On International Women’s Day, March 8, millions of women around the world protested in marches, strikes, and rallies. In Rome, Non Una di Meno (Not One Less, a reference to the movement’s resistance to femicide and sexual violence), adapted to public health restrictions imposed on public marches by assembling a flash mob on the steps leading into the Piazza di Spagna with participants standing a full meter apart. The Guardian newspaper reported on Turkish refugees heroically attempting to break the xenophobic ban on immigrants by the Greek government and its EU backers, clapping to honor the women and children who marched to demand asylum.
Without a doubt, Latin America was the epicenter of the mobilizations. Women in Argentina and Mexico turned out by the hundreds of thousands in marches on March 8 and in national strikes the following day. In Argentina, the focus was on legalizing abortion in the country, and in Mexico women protested gender violence. The Mexican government reports 3825 women met violent deaths last year, while incidents of femicide have rocketed by 137% in the last five years.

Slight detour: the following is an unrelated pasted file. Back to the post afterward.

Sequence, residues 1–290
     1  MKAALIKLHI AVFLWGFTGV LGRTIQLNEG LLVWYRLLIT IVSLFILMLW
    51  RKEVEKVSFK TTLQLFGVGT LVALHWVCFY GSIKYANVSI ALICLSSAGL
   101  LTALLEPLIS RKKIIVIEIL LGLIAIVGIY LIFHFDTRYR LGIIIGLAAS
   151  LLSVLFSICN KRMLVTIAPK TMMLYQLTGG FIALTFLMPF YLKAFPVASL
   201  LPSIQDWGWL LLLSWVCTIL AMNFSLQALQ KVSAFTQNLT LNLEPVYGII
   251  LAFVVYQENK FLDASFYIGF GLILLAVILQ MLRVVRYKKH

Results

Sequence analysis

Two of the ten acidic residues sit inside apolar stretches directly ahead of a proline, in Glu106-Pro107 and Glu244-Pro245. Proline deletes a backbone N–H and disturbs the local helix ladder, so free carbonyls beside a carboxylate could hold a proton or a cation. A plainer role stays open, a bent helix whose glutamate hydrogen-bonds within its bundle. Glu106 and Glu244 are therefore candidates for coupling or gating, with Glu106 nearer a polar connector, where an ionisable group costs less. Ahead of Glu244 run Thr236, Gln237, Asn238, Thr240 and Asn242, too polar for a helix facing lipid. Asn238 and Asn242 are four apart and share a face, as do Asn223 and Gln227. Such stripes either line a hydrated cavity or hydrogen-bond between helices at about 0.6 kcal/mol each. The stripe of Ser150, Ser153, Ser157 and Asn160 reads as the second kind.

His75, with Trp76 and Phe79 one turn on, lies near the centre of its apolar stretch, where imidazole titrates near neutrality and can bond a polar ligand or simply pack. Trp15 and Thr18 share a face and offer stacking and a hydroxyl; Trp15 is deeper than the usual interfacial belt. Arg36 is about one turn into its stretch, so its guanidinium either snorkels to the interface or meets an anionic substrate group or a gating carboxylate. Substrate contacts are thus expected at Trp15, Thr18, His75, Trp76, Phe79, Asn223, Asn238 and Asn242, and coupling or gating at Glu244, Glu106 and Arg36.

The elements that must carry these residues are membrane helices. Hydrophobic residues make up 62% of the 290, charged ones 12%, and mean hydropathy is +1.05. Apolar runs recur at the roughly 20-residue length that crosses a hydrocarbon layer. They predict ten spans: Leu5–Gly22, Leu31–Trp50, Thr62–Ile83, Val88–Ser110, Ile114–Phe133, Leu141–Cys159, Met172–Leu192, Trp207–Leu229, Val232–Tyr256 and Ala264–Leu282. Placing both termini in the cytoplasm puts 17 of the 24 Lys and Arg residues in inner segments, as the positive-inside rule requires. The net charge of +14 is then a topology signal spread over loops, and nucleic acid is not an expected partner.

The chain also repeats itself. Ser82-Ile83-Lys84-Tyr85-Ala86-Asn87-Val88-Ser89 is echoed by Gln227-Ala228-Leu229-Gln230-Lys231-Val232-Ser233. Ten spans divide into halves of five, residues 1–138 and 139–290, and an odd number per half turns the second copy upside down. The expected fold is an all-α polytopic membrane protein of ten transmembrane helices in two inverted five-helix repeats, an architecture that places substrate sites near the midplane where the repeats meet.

In Chile, aerial views of Santiago showed demonstrators as far as the eye could see. The goal was to use the March 8 mobilizations to launch a new wave of national resistance to austerity and rule in the interests of the rich. A large women’s conference in January in Chile drew women from many countries and led to an important “Transborder Call for a Feminist Strike on March 8 and 9, 2020.”
A link to the call for a Feminist Strike is below: